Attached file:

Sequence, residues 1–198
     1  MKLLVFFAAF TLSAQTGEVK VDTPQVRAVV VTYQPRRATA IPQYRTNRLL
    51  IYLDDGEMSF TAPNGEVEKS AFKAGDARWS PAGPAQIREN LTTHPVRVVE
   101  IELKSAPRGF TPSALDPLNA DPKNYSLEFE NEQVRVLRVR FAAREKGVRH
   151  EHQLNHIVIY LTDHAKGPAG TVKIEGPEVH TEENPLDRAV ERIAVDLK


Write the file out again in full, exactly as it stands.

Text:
Sequence, residues 1–198
     1  MKLLVFFAAF TLSAQTGEVK VDTPQVRAVV VTYQPRRATA IPQYRTNRLL
    51  IYLDDGEMSF TAPNGEVEKS AFKAGDARWS PAGPAQIREN LTTHPVRVVE
   101  IELKSAPRGF TPSALDPLNA DPKNYSLEFE NEQVRVLRVR FAAREKGVRH
   151  EHQLNHIVIY LTDHAKGPAG TVKIEGPEVH TEENPLDRAV ERIAVDLK